We’ve all been there: standing in the grocery store aisle facing twenty kinds of crackers (or pasta, or mayo, or cereal), scanning the labels to find the product that not only looks the tastiest, but that best aligns with your values. It can be a daunting task and the truth is, it’s hard to make choices about the foods you buy, especially when you are looking at more than just the price tag. Natural food labels are especially rife with confusing terminology, making your decision that much more complex.
What’s in a Label?
Understanding natural food labels often boils down to dissecting their semantics. On the grocery shelf, there are at least two versions of the word organic. One is straightforward: organic certification as it is defined and enforced by the USDA National Organic Program. The other is the idea of organic, represented by words and phrases that make it hard to see whether a product is authentically organic.
Manufacturers know that in our hearts (and our shopping impulses), organic means something that feels un-interfered with, something that possesses the same integrity of the natural processes that produce it. In this unregulated space, organic manifests as claims of purity and healthfulness whose only check or balance is whether a consumer will buy it.
While the FDA has strict labeling requirements for all foods sold in the US (whether or not they were produced here) it does not regulate every statement that a given label makes. As long as a label follows FDA guidelines, attempts to capitalize on trends are fair game.
The One and Only Organic
By the USDA Organic Program’s definition, certified organic foods must be produced without genetic engineering (so they are non-GMO) and grown with practices that “foster [the] cycling of resources, promote ecological balance, and conserve biodiversity,” without the use of prohibited substances.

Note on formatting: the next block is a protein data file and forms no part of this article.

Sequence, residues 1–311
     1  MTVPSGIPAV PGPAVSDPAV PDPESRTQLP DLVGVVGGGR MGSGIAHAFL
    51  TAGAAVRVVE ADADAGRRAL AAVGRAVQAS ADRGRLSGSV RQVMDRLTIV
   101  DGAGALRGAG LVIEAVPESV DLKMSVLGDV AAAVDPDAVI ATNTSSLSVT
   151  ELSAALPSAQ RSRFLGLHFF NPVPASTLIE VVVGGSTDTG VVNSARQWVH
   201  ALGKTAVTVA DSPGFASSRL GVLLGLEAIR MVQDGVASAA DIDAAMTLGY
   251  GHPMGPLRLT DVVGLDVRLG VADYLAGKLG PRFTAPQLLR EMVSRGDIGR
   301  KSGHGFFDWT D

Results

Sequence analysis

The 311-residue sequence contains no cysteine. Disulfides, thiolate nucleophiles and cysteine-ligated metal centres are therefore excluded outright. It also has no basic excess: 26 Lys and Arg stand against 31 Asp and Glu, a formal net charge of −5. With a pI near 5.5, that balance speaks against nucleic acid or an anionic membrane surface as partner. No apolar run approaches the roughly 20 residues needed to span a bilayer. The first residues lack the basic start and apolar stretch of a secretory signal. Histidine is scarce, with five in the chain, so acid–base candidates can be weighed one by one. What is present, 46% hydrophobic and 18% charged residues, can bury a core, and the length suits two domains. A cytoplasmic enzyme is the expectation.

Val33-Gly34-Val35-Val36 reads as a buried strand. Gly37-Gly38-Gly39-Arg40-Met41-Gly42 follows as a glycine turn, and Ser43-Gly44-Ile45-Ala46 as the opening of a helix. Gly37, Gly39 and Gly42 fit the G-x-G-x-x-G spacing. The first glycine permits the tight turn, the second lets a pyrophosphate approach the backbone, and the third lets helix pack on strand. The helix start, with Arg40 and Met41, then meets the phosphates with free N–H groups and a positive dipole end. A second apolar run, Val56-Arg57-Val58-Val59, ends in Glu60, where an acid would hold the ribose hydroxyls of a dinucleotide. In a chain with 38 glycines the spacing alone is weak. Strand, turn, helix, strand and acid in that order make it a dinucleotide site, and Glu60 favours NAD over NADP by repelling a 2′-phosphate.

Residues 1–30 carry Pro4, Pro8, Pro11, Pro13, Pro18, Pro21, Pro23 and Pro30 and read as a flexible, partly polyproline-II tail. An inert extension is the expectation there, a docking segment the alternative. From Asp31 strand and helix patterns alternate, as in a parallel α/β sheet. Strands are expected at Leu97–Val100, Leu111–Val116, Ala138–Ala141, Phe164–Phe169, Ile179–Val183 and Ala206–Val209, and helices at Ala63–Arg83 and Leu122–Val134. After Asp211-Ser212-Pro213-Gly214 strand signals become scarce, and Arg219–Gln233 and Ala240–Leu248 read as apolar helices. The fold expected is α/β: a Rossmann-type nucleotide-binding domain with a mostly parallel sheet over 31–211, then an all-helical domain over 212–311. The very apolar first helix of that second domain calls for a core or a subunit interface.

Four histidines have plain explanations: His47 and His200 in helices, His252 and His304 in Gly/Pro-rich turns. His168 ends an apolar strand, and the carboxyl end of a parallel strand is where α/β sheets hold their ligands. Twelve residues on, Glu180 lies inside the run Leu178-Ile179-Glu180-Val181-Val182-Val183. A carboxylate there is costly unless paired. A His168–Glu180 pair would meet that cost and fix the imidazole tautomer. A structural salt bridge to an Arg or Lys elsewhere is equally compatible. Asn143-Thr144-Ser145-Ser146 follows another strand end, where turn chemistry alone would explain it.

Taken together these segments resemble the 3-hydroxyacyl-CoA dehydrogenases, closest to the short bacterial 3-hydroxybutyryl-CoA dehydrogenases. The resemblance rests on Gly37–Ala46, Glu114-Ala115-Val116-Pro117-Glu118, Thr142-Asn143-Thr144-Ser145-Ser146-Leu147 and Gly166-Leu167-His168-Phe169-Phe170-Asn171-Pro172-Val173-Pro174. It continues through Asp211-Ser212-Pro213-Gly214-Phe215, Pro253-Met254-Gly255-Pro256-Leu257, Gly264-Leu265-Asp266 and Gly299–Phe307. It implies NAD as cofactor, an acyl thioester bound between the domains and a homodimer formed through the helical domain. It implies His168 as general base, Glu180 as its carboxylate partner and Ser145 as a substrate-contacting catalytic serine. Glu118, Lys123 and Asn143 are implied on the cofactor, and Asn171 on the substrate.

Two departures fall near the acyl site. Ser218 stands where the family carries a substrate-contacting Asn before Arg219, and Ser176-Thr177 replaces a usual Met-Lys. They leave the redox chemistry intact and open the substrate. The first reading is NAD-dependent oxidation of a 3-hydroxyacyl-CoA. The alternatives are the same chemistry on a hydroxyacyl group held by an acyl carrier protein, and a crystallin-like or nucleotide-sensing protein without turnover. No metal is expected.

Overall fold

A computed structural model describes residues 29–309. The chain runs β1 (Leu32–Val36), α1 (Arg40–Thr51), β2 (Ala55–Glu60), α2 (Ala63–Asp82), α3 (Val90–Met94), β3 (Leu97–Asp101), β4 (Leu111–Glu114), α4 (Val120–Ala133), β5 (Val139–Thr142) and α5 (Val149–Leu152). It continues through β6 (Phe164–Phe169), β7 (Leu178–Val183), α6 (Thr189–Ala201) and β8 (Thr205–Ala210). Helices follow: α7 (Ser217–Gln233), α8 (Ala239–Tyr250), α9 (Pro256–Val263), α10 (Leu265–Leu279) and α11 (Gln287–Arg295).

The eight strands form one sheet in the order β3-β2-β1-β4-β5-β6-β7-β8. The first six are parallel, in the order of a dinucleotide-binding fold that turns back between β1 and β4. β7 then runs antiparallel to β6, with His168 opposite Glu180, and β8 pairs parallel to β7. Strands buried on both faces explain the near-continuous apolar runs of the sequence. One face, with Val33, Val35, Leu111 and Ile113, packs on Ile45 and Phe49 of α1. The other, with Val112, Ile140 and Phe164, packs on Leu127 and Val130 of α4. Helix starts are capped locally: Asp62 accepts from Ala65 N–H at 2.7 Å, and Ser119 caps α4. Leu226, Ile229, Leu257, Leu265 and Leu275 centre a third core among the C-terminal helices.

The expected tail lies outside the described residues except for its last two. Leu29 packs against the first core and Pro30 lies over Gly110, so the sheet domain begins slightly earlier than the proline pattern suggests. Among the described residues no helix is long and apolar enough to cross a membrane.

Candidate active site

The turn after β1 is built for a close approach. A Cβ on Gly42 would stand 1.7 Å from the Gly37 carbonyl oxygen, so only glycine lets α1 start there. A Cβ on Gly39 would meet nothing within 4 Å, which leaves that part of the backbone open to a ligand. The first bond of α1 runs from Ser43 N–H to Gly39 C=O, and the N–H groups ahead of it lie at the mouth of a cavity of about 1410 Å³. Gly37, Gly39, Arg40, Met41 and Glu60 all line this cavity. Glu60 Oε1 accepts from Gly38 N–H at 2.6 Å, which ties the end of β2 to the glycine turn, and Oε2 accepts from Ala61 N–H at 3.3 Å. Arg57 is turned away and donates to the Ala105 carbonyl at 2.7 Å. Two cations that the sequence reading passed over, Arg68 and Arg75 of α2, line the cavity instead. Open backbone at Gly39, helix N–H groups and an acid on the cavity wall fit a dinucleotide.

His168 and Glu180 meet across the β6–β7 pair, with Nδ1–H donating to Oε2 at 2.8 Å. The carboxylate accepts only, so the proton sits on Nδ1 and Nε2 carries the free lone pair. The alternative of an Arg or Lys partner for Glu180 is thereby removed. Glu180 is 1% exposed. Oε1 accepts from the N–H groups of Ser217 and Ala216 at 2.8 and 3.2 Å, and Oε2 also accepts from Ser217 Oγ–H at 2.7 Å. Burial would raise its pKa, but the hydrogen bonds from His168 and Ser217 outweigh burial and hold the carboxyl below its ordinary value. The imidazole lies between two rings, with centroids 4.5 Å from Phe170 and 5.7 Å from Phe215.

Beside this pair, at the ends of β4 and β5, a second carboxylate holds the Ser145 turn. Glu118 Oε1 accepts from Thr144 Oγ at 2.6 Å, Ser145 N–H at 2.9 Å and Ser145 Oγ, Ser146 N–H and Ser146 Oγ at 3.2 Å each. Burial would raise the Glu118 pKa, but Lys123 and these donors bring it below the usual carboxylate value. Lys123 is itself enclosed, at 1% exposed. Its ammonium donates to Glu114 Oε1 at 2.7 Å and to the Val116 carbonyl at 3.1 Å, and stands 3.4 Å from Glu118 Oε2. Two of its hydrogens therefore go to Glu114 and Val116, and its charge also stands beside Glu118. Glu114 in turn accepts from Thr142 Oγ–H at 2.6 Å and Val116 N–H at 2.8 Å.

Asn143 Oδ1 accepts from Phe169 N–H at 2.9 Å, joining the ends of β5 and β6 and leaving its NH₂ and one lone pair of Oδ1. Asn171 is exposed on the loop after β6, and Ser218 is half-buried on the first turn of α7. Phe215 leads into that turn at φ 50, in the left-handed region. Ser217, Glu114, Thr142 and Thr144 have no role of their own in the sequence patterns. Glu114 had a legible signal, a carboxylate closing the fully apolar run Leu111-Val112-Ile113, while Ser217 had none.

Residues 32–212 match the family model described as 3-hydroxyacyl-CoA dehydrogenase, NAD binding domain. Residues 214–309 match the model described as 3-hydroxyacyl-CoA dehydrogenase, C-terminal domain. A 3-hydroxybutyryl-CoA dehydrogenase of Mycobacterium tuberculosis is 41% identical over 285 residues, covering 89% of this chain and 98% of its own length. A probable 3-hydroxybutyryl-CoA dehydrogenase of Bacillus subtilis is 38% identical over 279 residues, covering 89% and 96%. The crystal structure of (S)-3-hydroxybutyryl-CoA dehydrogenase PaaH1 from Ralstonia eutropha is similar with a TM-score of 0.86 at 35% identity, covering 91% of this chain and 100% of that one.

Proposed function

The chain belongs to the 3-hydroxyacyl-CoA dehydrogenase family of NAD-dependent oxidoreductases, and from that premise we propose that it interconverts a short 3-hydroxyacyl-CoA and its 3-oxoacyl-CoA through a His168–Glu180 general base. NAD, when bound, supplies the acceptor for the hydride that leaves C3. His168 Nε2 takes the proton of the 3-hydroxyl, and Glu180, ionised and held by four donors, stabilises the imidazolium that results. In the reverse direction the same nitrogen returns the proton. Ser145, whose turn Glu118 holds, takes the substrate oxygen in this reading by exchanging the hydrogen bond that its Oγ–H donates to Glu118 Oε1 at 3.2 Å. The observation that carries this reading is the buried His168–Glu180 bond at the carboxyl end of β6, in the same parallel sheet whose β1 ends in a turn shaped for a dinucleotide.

The FDA has yet to define the word natural as it relates to food. They do, however, note a working assumption around the term, which they take to mean “nothing artificial or synthetic (including all color additives regardless of source) has been included in, or has been added to, a food that would not normally be expected to be in that food.” In other words, the EPA considers a food natural as long as its flavor and color have not been altered in a way that significantly changes its natural – as in biological – characteristics.
Despite the comforting implications of the word natural, it actually tells us very little about how a food was produced. While saying “natural shredded coconut” makes it sound like that coconut fell off the tree, shredded itself, and blew on a tropical breeze to the shelf where you found it, the most you can expect natural to mean is that no artificial flavors or dyes where added to it.
Interestingly, as of May, 2016 the FDA began officially exploring the need for a legal definition of and regulation system for the term natural, but they have yet to provide one.
Non-GMO Project Certified
Somewhere between certified organic and natural is non-GMO. Because no legislation requiring GMO ingredient labeling has passed public vote, non-profits like the Non-GMO Project sprang up to offer an alternative. Similar to the USDA’s Organic Program, Non-GMO Project offers food producer’s third-party certification, evaluating products based on preset standards to determine whether a food can be considered free of GMOs. Unlike the USDA, Non-GMO Project is a non-governmental organization.
Non-GMO Project certification tells you that a product was made without genetically engineered ingredients. It does not imply any other attributes of that product, such as what chemicals may have been applied to it during production.
If you choose a certified organic product, you are choosing a non-GMO product and, depending on what it is, it may or may not also be natural. The bottom line: because organic is a legally defined term, if a product does not display the USDA organic seal, it isn’t truly organic.
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